Real information vs. processed news
Your average hometown newspaper really just pretends to practice genuine journalism. It may have a few local stories it actually wrote on its own, but a lot of the content in newspapers, even in larger papers, is just filler content that it gets as a subscriber to various newswire services. If you ever wonder why all the papers in the country happen to be talking about the same topic on the same day, it's not just because it happens to be a timely topic; it's because they've all tuned in to the same news feed from the same centralized sources. The fact is, they're all talking about it because that's what's been handed to them by the centralized news decision makers in this country. It doesn't mean it's really relevant, or that it's the most important news of the day.

Many of the stories, even in big papers like the New York Times, don't involve any real fact checking; they're just based on information handed to them by the White House or corporations. The press is big on disease mongering, for example. It will promote practically any disease, even if it's completely fictitious, as long as someone from a pharmaceutical company says the disease is real and that people should be afraid of it. Look at the hype over "Restless Leg Syndrome" as an example of the disease mongering carried out by the mainstream media.

I'm not saying that the New York Times, USA Today, Washington Post or other newspapers never engage in real journalism -- clearly they do from time to time. Those papers have occasionally produced some really outstanding stories and true investigative reports, and for that, they are to be applauded. But shouldn't that be what newspapers are entirely focused on doing? Shouldn't these national newspapers be held to the highest standards of journalism? Shouldn't all their stories be investigative stories? Why do they run anything that's just a remix of the common newswire?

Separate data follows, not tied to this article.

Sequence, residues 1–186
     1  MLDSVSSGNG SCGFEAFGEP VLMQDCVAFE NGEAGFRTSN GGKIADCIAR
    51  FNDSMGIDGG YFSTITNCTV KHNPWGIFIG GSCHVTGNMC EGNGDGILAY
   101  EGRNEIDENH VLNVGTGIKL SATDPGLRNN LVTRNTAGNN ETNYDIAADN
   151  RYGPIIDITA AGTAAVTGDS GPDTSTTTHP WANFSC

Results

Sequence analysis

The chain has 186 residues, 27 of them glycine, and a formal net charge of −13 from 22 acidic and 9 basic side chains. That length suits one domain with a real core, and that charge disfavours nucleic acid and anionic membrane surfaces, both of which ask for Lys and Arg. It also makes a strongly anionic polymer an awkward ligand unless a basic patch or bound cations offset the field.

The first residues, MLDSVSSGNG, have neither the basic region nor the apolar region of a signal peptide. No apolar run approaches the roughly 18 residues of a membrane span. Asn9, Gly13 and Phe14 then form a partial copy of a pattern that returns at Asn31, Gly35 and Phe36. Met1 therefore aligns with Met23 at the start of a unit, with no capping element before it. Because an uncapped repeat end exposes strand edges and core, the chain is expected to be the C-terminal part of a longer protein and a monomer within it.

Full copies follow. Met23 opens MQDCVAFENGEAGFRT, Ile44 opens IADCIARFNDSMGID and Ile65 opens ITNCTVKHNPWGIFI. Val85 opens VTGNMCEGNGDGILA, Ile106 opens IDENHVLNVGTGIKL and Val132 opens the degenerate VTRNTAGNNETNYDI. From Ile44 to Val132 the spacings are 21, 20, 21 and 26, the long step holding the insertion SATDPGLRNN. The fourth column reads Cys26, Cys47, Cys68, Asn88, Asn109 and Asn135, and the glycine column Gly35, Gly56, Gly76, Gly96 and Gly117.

Maybe I'm being too critical; after all, my own stories don't involve detailed investigative journalism, either. But I don't run a $100 million news operation with over a thousand employees and reporters. Simply put, we don't have the budget to do hard-core investigative journalism on every single story. Give me the budget of a paper like USA Today, and we could turn out some Pulitzer-Prize-caliber stories on what's going on with the FDA, the pharmaceutical companies, and other conspiracies taking place in the United States. But for some reason, there's no good funding for those kinds of stories. There's simply no money to be made in telling the truth these days.

I wonder if that's because the big corporations that prop up the finances of the popular newspapers aren't really interested in the public learning the truth about subjects like that. Rest assured, if I ever get my hands on enough funds to conduct such investigative journalism and fund a team of researchers and reporters, I'll be using Wikipedia as a source for leads and information. Wikipedia is a good thing -- the fact that the media bashes it should tell you that it's actually a very important competitor in the information monopoly that used to be held by the popular press.

Old school newspapers -- the kind printed on dead trees -- are dinosaurs. Even Time Magazine is slashing staff these days, and readers are abandoning printed newspapers in a steady march towards online information. Thumbs up to Wikipedia, the Public Library of Science (PLoS journals) and other open-source projects that engage readers and decentralize information rather than trying to dictate it.